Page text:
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Differences between Outdoor and Indoor Sound Levels for Open, Tilted, and Closed Windows

Locher, B. and Piquerez, A. and Habermacher, M. and Ragettli, M. and Röösli, M. and Brink, M. and Cajochen, C. and Vienneau, D. and Foraster, M. and Müller, U. and Wunderli, J.M. (2018) Differences between Outdoor and Indoor Sound Levels for Open, Tilted, and Closed Windows. International Journal of Environmental Research and Public Health, 15 (149), pp. 1-16. Multidisciplinary Digital Publishing Institute (MDPI). DOI: 10.3390/ijerph15010149 ISSN 1661-7827

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Abstract

Noise exposure prediction models for health effect studies normally estimate free field exposure levels outside. However, to assess the noise exposure inside dwellings, an estimate of indoor sound levels is necessary. To date, little field data is available about the difference between indoor and outdoor noise levels and factors affecting the damping of outside noise. This is a major cause of uncertainty in indoor noise exposure prediction and may lead to exposure misclassification in health assessments. This study aims to determine sound level differences between the indoors and the outdoors for different window positions and how this sound damping is related to building characteristics. For this purpose, measurements were carried out at home in a sample of 102 Swiss residents exposed to road traffic noise. Sound pressure level recordings were performed outdoors and indoors, in the living room and in the bedroom. Three scenarios—of open, tilted, and closed windows—were recorded for three minutes each. For each situation, data on additional parameters such as the orientation towards the source, floor, and room, as well as sound insulation characteristics were collected. On that basis, linear regression models were established. The median outdoor–indoor sound level differences were of 10 dB(A) for open, 16 dB(A) for tilted, and 28 dB(A) for closed windows. For open and tilted windows, the most relevant parameters affecting the outdoor–indoor differences were the position of the window, the type and volume of the room, and the age of the building. For closed windows, the relevant parameters were the sound level outside, the material of the window frame, the existence of window gaskets, and the number of windows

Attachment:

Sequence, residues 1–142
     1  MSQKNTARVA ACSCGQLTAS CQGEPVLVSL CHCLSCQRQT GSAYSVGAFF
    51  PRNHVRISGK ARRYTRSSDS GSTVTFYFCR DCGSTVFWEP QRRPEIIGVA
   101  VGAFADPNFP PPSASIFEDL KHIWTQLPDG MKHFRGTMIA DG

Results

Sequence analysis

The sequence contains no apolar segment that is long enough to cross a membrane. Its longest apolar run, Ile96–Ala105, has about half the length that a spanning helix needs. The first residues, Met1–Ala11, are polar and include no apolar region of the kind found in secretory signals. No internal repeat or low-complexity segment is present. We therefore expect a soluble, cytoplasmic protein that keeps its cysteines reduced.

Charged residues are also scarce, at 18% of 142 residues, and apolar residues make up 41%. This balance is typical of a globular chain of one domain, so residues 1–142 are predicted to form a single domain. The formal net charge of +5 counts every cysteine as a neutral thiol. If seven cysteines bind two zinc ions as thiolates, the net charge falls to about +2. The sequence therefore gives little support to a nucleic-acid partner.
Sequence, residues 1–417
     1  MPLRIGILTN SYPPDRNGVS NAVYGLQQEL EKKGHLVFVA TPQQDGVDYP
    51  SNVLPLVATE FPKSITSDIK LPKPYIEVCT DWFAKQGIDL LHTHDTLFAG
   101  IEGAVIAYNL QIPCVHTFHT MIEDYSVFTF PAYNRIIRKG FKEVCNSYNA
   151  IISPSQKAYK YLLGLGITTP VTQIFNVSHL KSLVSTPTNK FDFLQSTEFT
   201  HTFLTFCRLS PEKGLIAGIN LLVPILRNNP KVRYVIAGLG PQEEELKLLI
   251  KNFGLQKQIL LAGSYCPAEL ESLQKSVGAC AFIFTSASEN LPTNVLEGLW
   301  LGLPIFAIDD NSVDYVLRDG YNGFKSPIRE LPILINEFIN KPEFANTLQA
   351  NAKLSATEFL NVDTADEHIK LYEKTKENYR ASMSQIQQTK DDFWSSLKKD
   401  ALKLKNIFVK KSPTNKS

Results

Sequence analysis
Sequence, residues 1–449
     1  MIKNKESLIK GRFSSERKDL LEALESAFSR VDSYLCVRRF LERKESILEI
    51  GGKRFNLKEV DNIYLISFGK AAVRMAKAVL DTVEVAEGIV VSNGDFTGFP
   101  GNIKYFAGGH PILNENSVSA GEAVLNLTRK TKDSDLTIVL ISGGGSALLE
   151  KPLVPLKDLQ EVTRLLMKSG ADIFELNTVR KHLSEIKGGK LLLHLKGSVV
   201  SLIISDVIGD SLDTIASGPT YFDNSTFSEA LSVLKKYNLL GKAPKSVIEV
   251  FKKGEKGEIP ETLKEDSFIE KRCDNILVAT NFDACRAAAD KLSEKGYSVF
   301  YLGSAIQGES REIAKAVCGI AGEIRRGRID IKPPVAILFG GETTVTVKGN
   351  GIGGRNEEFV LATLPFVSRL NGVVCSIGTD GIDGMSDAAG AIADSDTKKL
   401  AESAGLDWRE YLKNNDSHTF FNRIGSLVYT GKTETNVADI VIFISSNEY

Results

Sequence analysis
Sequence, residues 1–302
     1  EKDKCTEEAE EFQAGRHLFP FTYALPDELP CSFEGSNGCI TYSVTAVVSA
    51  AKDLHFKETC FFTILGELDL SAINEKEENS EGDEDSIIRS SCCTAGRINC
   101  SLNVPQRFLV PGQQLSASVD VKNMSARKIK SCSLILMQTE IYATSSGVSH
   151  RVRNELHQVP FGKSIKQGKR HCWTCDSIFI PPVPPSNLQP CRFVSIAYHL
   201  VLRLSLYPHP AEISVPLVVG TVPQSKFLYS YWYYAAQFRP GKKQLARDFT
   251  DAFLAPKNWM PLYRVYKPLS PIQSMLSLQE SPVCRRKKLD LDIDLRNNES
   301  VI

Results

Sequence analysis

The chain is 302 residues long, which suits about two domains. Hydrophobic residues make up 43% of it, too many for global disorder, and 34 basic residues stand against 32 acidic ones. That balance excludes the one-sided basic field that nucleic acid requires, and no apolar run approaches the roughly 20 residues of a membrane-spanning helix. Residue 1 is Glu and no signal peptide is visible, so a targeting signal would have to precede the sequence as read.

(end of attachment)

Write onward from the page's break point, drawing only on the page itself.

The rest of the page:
Item URL in elib:https://elib.dlr.de/119469/
Document Type:Article
Title:Differences between Outdoor and Indoor Sound Levels for Open, Tilted, and Closed Windows
Authors:
AuthorsInstitution or Email of AuthorsAuthors ORCID iD
Locher, B.UNSPECIFIEDUNSPECIFIED
Piquerez, A.UNSPECIFIEDUNSPECIFIED
Habermacher, M.UNSPECIFIEDUNSPECIFIED
Ragettli, M.UNSPECIFIEDUNSPECIFIED
Röösli, M.UNSPECIFIEDUNSPECIFIED
Brink, M.UNSPECIFIEDUNSPECIFIED
Cajochen, C.UNSPECIFIEDUNSPECIFIED
Vienneau, D.UNSPECIFIEDUNSPECIFIED
Foraster, M.UNSPECIFIEDUNSPECIFIED
Müller, U.uwe.mueller (at) dlr.deUNSPECIFIED
Wunderli, J.M.UNSPECIFIEDUNSPECIFIED
Date:2018
Journal or Publication Title:International Journal of Environmental Research and Public Health
Refereed publication:Yes
Open Access:Yes
Gold Open Access:Yes
In SCOPUS:Yes
In ISI Web of Science:No
Volume:15
DOI :10.3390/ijerph15010149
Page Range:pp. 1-16
Publisher:Multidisciplinary Digital Publishing Institute (MDPI)
ISSN:1661-7827
Status:Published
Keywords:sound level differences indoors/outdoors; correction factors; open window; tilted window; closed window; linear model
HGF - Research field:Aeronautics, Space and Transport
HGF - Program:Transport
HGF - Program Themes:Transport System
DLR - Research area:Transport
DLR - Program:V VS - Verkehrssystem
DLR - Research theme (Project):V - Verkehrsentwicklung und Umwelt II (old)
Location: Köln-Porz
Institutes and Institutions:Institute of Aerospace Medicine > Sleep and Human Factors Research
Deposited By: Sender, Alina
Deposited On:27 Mar 2018 13:14
Last Modified:21 Sep 2019 05:05

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